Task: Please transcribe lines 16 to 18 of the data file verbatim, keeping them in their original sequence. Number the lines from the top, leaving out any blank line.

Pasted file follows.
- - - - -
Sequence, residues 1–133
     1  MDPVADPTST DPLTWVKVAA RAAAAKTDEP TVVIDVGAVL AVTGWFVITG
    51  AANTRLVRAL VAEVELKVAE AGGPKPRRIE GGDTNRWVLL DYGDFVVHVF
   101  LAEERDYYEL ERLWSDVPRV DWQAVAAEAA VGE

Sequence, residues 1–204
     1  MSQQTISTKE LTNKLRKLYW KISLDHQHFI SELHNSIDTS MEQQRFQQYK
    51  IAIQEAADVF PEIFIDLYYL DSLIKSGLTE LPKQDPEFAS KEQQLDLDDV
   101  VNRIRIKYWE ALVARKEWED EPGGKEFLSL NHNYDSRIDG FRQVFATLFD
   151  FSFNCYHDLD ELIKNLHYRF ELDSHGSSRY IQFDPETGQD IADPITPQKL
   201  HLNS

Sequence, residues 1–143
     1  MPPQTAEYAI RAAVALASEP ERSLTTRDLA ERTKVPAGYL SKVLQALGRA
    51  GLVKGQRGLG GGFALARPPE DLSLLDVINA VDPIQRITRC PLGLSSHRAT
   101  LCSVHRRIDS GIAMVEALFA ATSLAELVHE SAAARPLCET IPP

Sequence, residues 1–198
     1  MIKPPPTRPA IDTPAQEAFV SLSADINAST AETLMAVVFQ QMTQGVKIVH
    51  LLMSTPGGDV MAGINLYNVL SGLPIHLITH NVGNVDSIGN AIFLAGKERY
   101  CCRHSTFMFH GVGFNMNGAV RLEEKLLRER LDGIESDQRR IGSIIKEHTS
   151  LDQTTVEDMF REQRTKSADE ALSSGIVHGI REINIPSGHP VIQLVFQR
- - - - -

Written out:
     1  MIKPPPTRPA IDTPAQEAFV SLSADINAST AETLMAVVFQ QMTQGVKIVH
    51  LLMSTPGGDV MAGINLYNVL SGLPIHLITH NVGNVDSIGN AIFLAGKERY
   101  CCRHSTFMFH GVGFNMNGAV RLEEKLLRER LDGIESDQRR IGSIIKEHTS